Movie Review – Brimstone
Category : Movie Review
Director: Martin Koolhoven
The most common critique of Brimstone is that it’s too brutal with too few breaks, which is something even fans of the film can’t argue; you had better be ready for a walk through hell, with bitter violence every step of the way. I found this particularly true in the fourth chapter; the movie is broken into quarters, with each being a separate period of time with its own evil story, connected to the over-arcing tale through the main character. In the last section, the violence does feel overused, out of place, and a bit tired, since we had already seen so much, and the film is not short, you should know. But while I agree with detractors to a point, I will stand by the other three chapters, which I think are among the most stunningly stomach-turning I have ever seen, both in blood and in degradation. Brimstone is shocking, well-made, and disgustingly captivating, missing only a strong ending to make it absolutely spectacular.
Somewhere in the wild but calming American West, Liz attempts to make a new life with a loving husband in a small, God-fearing community. She has a stepson, a young daughter, and a reputation as a skilled midwife, and so is valuable to her family and her town, even when her inability to speak blocks her from deep relationships with those she helps. Her church has just hired a new reverend, and when he walks through the door, Liz understands that her old life has come back to find her, even way out here where she thought she would be safe. The events of the next days will destroy her happiness, and, over the course of four total segments, we begin to understand what it is that drove her, changed her, haunts her, and will ultimately force her to face her greatest fear.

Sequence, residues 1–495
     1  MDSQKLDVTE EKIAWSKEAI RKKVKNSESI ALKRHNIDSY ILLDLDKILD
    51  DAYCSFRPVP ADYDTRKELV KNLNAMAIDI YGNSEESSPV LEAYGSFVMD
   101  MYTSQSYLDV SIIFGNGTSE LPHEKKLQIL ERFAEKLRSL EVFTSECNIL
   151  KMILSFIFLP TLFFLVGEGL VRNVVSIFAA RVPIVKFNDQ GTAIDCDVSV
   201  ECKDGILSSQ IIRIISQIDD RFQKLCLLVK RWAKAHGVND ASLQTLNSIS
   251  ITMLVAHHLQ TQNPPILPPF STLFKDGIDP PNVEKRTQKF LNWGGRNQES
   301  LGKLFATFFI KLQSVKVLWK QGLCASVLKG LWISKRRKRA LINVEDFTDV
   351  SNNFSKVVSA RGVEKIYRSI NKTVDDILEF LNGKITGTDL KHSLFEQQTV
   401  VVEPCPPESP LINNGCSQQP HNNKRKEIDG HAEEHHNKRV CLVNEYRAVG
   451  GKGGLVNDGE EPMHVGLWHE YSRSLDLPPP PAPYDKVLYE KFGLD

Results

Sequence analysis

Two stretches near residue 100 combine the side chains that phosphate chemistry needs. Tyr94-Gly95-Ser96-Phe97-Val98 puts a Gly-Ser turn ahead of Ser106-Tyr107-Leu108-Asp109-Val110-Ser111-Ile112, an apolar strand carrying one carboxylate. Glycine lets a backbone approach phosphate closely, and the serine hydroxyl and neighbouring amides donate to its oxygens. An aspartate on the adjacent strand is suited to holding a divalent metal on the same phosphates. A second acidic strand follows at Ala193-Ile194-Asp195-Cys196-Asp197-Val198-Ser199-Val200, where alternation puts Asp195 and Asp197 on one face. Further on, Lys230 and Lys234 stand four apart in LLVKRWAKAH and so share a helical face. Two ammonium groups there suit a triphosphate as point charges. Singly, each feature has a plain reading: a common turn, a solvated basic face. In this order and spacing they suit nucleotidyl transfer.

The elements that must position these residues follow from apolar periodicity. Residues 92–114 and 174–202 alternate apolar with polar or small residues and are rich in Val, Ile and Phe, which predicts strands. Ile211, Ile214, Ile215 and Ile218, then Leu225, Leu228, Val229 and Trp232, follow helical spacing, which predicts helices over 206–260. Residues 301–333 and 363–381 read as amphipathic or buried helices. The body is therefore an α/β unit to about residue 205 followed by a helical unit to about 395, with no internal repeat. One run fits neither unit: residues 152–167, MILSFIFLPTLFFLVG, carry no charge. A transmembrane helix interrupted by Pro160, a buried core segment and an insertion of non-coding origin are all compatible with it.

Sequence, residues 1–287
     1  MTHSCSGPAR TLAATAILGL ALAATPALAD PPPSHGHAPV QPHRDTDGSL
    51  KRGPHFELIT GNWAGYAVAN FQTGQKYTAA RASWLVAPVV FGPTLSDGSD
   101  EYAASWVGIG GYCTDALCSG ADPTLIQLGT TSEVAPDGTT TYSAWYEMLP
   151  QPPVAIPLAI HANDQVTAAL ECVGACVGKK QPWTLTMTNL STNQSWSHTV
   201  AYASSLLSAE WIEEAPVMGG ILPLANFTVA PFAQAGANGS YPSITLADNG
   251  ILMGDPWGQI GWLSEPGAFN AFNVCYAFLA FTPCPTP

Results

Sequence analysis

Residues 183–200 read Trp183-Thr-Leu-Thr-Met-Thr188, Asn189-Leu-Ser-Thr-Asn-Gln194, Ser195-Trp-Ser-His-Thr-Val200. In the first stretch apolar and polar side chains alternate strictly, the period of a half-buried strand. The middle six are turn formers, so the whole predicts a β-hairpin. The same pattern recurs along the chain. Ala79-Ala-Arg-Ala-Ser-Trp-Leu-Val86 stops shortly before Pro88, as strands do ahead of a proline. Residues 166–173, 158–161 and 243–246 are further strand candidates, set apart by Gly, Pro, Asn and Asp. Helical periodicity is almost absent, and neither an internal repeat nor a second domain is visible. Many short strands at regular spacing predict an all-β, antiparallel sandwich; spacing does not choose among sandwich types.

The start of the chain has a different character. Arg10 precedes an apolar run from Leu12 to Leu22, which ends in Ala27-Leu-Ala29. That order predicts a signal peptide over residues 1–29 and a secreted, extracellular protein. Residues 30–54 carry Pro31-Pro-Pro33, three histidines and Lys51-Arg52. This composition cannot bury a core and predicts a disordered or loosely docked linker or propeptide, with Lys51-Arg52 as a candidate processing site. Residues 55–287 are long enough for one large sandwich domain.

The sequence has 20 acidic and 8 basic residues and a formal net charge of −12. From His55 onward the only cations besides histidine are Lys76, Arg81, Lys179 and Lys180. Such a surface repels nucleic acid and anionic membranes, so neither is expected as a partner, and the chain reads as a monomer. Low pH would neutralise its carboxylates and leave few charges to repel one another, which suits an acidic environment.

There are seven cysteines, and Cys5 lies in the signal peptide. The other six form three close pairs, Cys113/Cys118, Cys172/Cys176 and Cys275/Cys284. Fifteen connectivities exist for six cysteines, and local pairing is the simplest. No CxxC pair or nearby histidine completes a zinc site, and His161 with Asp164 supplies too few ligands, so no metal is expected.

Other than the final chapter, which I did think was brutal without a purpose, or perhaps simply unbalanced, I enjoyed every minute of Brimstone, and I think it is definitely overlooked due to its length, its content, and its almost inhuman disregard for what audiences can withstand. Death and torture wait around every corner, but this is a horror tale told with utter realism, without a detail avoided to clean up the picture and allow us to get comfortable. At times you’ll feel sick from what you’re watching, which turned many away, I completely understand that, but I was able to keep seated, and by the end I appreciated the honesty and the metaphor that I had just seen balanced in a way that not many can achieve. Fanning isn’t my favorite actress, but she was solid in this part, wasn’t asked to do too much, and was bolstered by others in the other sections very well. As a villain, Pearce was phenomenal, I could not wait for him to be maimed and destroyed, it was that powerful a role. I really liked the way the time line was broken up, I thought that was smart without becoming a gimmick, and the music will haunt you for days, keeping the overbearing sense of dread upon your shoulders far longer than you want it there. I’m sure this sounds like torture to some, and I’m sure it would be, but, for those who want to be immersed in this kind of dramatic pain and bloody ambiance, Brimstone is what you’ve been looking for.
My rating: ☆ ☆ ☆ ☆